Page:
Pulmonary hypertension occurs when the blood pressure in the lungs rises far above normal levels.
This often occurs because of narrowing of the lung blood vessels, reducing the flow of blood through the lungs. As a result, the heart has to pump harder as it tries to maintain a normal amount of blood flow.
Pulmonary hypertension causes shortness of breath, particularly with exertion. In advanced cases, right-sided heart failure can occur, causing more severe shortness of breath and, in some cases, swelling in the legs or abdomen.
The most common symptoms of pulmonary hypertension include:
There are many different conditions that can cause pulmonary hypertension. Two of the most common are:
Other less common but serious causes of pulmonary hypertension include scleroderma and other connective tissue diseases, congenital heart disease, liver disease, and chronic pulmonary emboli (blood clots).
In some cases, pulmonary hypertension occurs without any underlying condition. This is referred to as idiopathic pulmonary arterial hypertension (also known as primary pulmonary hypertension).
Because there are so many different types of pulmonary hypertension, most patients will need to undergo a series of tests.
Once pulmonary hypertension is suspected, echocardiogram is usually the first test performed to estimate the pulmonary arterial pressures. An echocardiogram uses sound waves to take pictures of your heart to see how well it is beating and pumping blood. It also estimates how high the pressures are in the lungs.
Other tests that are useful in the evaluation of pulmonary hypertension include:
If your tests indicate significant pulmonary hypertension, we will recommend you undergo a right heart catheterization to confirm the diagnosis. During this test, a thin tube (catheter) is inserted in the neck or groin. The catheter is then used to measure the blood pressure in the lungs and heart and to measure how much blood the heart is pumping. Based on these results, a treatment plan can usually be identified.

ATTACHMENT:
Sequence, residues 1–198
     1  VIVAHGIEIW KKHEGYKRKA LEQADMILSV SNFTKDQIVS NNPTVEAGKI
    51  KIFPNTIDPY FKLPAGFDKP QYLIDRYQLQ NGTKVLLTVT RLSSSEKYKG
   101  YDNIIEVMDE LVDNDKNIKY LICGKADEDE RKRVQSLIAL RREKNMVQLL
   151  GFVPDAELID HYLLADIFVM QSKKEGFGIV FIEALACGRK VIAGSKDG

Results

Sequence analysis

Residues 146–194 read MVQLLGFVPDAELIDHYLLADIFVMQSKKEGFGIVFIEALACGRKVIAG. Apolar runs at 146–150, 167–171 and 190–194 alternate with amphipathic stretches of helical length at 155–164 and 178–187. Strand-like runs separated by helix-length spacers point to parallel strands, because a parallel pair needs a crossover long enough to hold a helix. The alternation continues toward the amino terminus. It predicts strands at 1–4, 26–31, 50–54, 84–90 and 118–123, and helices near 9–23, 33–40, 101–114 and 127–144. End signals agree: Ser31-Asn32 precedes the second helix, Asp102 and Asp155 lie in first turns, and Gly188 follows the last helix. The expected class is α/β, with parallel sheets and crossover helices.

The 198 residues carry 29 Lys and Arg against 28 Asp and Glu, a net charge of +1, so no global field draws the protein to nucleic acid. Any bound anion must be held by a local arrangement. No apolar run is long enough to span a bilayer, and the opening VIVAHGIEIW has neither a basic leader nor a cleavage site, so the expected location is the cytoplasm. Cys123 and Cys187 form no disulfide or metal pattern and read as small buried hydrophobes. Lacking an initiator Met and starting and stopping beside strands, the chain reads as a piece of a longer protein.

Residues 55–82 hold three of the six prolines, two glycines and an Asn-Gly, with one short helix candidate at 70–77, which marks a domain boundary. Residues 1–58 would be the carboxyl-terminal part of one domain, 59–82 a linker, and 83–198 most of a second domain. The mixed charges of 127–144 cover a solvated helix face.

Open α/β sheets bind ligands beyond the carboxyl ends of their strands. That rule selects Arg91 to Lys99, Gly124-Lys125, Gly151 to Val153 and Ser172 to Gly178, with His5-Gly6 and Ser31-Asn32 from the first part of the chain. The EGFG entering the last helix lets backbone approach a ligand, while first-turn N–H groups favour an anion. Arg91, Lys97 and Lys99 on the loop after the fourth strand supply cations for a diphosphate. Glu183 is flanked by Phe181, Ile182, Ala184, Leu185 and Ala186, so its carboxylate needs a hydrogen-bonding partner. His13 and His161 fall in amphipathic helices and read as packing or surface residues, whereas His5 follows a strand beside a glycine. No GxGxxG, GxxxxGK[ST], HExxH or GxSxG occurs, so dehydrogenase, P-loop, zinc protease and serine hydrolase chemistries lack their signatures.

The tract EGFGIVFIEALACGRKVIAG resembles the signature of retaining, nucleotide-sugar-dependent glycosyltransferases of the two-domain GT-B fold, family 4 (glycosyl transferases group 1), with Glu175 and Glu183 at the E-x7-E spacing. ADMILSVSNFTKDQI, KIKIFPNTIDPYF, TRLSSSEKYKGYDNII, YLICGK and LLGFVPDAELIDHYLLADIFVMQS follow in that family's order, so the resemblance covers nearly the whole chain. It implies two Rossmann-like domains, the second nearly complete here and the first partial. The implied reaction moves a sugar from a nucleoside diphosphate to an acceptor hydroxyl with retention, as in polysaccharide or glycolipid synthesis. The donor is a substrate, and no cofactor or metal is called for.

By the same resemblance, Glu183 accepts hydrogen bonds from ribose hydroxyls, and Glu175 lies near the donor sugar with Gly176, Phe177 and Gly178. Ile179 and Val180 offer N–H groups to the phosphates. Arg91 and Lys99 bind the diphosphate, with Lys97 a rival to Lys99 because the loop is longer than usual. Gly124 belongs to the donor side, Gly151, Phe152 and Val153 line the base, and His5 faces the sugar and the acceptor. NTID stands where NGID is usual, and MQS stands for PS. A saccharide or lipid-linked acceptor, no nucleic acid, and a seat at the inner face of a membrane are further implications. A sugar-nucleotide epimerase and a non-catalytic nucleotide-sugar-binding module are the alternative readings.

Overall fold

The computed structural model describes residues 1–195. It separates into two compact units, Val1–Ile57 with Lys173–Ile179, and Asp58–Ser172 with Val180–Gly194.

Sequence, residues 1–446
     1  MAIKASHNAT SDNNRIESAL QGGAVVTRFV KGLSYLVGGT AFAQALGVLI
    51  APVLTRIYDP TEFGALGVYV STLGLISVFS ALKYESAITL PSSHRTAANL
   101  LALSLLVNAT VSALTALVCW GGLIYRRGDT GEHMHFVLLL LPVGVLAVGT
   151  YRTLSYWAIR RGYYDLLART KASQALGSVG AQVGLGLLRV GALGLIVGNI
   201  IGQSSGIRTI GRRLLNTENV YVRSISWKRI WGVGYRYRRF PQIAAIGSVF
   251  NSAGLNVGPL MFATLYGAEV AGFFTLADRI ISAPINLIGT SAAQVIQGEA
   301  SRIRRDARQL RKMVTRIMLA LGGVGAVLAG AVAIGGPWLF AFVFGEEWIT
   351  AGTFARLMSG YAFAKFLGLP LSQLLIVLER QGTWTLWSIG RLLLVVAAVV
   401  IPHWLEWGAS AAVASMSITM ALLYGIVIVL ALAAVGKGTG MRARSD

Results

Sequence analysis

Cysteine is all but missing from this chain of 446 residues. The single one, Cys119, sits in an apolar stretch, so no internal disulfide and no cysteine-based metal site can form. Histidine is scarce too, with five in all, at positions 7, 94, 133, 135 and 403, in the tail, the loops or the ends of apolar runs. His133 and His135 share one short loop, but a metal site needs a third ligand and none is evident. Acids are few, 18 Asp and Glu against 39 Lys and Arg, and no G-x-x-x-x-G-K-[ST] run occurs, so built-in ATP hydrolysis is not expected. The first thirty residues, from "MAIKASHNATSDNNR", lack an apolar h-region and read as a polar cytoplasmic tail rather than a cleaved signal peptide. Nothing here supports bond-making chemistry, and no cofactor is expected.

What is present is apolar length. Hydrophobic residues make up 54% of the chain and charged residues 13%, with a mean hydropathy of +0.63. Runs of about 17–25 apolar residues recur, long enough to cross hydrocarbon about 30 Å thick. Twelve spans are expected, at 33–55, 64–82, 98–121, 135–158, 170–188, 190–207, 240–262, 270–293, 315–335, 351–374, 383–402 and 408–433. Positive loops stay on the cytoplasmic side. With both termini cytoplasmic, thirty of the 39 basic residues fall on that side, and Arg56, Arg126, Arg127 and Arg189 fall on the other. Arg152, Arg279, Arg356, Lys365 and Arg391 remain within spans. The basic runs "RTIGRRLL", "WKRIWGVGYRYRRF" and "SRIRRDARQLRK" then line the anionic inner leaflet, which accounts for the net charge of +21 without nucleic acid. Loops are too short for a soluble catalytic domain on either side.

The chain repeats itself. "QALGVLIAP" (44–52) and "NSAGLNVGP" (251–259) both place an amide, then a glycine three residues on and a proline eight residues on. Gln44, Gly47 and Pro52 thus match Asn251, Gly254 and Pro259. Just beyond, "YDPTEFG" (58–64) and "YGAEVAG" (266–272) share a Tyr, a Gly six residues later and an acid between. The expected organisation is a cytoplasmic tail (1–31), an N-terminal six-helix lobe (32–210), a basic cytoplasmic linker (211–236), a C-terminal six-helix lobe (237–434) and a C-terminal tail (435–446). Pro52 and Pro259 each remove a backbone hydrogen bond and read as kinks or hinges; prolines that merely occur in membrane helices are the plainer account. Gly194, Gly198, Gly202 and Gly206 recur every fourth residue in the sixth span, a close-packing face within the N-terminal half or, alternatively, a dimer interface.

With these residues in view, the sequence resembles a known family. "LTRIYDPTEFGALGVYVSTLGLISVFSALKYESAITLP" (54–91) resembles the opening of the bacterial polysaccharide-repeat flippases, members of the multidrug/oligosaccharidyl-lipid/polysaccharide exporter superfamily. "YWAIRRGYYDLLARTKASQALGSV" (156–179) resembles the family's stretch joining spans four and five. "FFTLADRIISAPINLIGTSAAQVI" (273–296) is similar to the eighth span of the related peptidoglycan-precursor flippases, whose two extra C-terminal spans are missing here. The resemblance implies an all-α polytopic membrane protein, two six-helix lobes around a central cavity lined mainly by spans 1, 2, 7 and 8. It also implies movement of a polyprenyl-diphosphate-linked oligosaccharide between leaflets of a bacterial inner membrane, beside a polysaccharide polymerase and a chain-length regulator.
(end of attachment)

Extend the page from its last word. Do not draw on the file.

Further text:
Some patients will need to undergo other tests, based on their history or the results of the initial evaluation. These may include:
The right treatment depends on which type of pulmonary hypertension you have. Some conditions are best treated by focusing on the underlying condition, while others require pulmonary hypertension-specific treatment.
There are nine different approved medical therapies for pulmonary hypertension. Four are available as pills; the remaining five are either inhaled or given through a catheter that is inserted under the skin or into a blood vessel.
Close monitoring is required even with the pill medications because of the seriousness of the condition and because several medications require monthly laboratory monitoring.
Since there is no medical cure for pulmonary hypertension, the search for the cure is important and ongoing. UT Southwestern has been in the forefront of research participating in dozens of multicenter clinical trials trying to find a cure to this disease. This is the largest effort in North Texas to help patients suffering of this disease.
Patients who want to participate in clinical trials are offered the opportunity to be part of this quest for the cure.
Our pulmonary hypertension specialists have extensive experience in treating pulmonary hypertension, including the full range of oral, inhaled, and injection therapies.
Our pulmonologists – Fernando Torres, M.D.; Kelly Chin, M.D.; Sonja Bartolome, M.D.; and Megan Devine, M.D. – lead a multidisciplinary team dedicated to accurately diagnosing and treating patients with pulmonary hypertension.
Your team – which may include specialists in cardiology, rheumatology, sleep medicine, cardiovascular and thoracic surgery, and solid-organ transplant – will develop a personalized plan to treat your pulmonary hypertension and improve your quality of life.
The pulmonary hypertension team at UT Southwestern is well known nationally for the medical care and clinical research in this field. They are members of the leadership in the most prestigious societies like the Pulmonary Hypertension Association.
If surgery is needed, our surgeons are widely recognized as leaders in lung transplantation to treat pulmonary hypertension.
For a pulmonary hypertension evaluation at UT Southwestern's facility in Dallas, or for more information about services we offer, request an appointment or call 214-645-8300.